ADR generates a PC-relative address in the destination
register, for a label in the current area.
is an optional condition code.
is an optional instruction width specifier.
is the destination register to load.
is a PC-relative expression.
must be within a limited distance of the current instruction.
ADR produces position-independent code, because
the assembler generates an instruction that adds or subtracts a
value to the PC.
ADRL pseudo-instruction to assemble a
wider range of effective addresses.
evaluate to an address in the same assembler area as the
If you use
ADR to generate a target for a
it is your responsibility to set the Thumb bit (bit 0) of the address
if the target contains Thumb instructions.
The assembler calculates the offset from the PC for you. The
assembler generates an error if
out of range.
Table 6 shows the possible offsets between the label and the current instruction.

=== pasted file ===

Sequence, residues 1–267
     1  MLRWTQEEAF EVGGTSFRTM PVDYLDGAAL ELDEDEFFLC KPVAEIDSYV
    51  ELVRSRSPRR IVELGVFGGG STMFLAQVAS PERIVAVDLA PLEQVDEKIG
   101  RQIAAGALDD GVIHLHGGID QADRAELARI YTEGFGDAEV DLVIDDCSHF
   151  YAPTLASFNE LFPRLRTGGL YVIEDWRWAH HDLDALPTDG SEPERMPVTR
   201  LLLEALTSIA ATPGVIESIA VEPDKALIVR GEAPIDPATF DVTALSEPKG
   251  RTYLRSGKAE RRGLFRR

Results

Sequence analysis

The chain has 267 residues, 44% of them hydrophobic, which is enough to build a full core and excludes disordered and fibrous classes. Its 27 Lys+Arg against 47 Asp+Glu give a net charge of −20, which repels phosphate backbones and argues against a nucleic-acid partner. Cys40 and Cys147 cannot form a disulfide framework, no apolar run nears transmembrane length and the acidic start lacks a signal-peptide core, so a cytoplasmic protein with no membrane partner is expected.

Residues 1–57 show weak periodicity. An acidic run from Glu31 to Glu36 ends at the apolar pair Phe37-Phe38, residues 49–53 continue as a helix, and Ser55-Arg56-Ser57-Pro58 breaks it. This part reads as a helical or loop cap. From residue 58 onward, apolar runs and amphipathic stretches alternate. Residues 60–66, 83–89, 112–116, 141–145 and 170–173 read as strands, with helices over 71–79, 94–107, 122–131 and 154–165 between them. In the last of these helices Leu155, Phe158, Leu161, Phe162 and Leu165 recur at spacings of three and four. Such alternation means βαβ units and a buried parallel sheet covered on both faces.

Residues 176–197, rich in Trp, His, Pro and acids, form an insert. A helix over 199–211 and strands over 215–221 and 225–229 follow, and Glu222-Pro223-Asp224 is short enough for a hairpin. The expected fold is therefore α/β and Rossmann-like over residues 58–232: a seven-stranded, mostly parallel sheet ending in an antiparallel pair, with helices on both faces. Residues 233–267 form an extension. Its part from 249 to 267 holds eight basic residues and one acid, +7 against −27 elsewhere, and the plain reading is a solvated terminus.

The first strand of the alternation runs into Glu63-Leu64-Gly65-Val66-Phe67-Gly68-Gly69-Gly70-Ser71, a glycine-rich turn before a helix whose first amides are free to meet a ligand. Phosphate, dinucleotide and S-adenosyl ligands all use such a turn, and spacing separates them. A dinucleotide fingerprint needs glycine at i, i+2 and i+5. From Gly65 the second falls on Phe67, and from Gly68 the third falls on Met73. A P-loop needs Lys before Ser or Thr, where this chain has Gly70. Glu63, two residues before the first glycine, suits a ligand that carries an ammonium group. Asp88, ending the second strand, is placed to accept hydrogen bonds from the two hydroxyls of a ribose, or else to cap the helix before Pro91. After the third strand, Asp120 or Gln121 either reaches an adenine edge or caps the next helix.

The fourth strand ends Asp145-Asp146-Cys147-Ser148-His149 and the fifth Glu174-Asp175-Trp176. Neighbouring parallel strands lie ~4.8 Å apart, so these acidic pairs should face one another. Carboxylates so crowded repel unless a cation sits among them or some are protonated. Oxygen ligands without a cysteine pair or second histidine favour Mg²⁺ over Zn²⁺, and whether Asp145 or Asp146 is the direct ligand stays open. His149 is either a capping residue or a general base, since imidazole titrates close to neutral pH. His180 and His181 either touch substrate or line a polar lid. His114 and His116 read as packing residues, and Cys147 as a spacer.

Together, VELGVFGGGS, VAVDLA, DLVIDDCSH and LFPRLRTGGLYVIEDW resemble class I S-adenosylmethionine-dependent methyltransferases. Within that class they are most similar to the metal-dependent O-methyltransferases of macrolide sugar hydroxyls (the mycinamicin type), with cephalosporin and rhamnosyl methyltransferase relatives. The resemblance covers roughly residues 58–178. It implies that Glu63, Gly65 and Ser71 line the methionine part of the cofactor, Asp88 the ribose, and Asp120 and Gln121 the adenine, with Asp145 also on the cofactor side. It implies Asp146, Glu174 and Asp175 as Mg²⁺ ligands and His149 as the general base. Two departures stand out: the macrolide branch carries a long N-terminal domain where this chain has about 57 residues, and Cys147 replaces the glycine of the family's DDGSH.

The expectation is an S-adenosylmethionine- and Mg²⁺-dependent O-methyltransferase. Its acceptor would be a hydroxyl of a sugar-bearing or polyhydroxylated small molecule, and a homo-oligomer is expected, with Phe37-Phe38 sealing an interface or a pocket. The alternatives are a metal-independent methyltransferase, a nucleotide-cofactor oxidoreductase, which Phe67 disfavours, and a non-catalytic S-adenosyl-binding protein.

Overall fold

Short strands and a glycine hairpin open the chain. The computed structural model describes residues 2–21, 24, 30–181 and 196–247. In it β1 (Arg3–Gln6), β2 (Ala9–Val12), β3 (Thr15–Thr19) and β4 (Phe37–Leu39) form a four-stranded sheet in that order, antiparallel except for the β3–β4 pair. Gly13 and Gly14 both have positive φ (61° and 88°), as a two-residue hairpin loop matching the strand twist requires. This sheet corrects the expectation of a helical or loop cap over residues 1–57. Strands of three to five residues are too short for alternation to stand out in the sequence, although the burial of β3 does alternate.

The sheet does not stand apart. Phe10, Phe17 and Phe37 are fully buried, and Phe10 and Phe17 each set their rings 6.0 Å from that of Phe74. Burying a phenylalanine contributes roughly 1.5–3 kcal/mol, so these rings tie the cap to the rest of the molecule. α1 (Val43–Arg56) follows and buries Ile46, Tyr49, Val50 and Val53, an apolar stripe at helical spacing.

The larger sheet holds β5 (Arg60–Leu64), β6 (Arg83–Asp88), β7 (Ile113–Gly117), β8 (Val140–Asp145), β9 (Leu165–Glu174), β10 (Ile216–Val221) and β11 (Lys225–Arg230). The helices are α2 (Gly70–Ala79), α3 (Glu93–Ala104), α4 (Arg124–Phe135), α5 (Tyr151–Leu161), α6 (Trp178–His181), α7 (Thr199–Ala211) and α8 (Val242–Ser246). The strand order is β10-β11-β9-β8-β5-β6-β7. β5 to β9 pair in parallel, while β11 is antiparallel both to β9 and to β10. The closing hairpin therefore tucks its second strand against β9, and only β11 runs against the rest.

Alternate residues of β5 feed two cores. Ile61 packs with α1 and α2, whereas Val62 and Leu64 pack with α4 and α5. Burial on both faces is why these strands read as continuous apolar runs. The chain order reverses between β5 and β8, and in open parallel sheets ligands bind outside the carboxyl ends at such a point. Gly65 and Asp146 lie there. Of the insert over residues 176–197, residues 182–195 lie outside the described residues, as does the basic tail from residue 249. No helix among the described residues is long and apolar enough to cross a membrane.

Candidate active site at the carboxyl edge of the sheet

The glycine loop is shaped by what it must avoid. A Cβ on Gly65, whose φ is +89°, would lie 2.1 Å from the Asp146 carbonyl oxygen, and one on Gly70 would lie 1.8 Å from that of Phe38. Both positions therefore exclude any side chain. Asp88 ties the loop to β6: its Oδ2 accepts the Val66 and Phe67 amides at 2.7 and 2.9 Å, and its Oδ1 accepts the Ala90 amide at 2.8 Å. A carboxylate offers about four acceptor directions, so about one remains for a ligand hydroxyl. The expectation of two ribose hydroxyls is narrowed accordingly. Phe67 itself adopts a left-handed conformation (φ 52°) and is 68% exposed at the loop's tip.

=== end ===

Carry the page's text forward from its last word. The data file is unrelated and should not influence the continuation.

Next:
|ARM ||See Operand2 as a constant||All|
|32-bit Thumb ||+/- 4095||T2|
|16-bit Thumb ||0-1020 [c]||T|
[a] Entries in the Architectures column indicate that the instructions are available as follows:
[b] Rd must be in the range R0-R7.
[c] Must be a multiple of 4.
You can use the
.W width specifier to force
generate a 32-bit instruction in Thumb code.
generates a 32-bit instruction, even if the address can be generated
in a 16-bit instruction.
For forward references,
generates a 16-bit instruction in Thumb code, even if that results
in failure for an address that could be generated in a 32-bit Thumb
In Thumb code,
In ARM code,
SP but use of
deprecated in ARMv6T2 and above.